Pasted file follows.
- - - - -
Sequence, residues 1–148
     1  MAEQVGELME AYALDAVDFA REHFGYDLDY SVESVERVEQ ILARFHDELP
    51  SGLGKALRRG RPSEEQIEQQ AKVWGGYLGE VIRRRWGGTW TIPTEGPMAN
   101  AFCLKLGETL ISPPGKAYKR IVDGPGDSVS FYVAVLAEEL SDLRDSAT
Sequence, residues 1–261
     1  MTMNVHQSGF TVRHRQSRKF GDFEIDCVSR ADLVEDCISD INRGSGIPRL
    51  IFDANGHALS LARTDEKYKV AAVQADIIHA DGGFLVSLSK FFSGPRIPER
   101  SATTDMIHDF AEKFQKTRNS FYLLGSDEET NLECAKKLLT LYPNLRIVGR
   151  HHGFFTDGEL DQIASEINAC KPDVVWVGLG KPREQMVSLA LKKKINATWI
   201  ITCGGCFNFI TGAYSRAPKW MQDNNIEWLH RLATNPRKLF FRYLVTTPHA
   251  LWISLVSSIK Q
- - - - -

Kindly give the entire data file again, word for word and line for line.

Sequence, residues 1–148
     1  MAEQVGELME AYALDAVDFA REHFGYDLDY SVESVERVEQ ILARFHDELP
    51  SGLGKALRRG RPSEEQIEQQ AKVWGGYLGE VIRRRWGGTW TIPTEGPMAN
   101  AFCLKLGETL ISPPGKAYKR IVDGPGDSVS FYVAVLAEEL SDLRDSAT
Sequence, residues 1–261
     1  MTMNVHQSGF TVRHRQSRKF GDFEIDCVSR ADLVEDCISD INRGSGIPRL
    51  IFDANGHALS LARTDEKYKV AAVQADIIHA DGGFLVSLSK FFSGPRIPER
   101  SATTDMIHDF AEKFQKTRNS FYLLGSDEET NLECAKKLLT LYPNLRIVGR
   151  HHGFFTDGEL DQIASEINAC KPDVVWVGLG KPREQMVSLA LKKKINATWI
   201  ITCGGCFNFI TGAYSRAPKW MQDNNIEWLH RLATNPRKLF FRYLVTTPHA
   251  LWISLVSSIK Q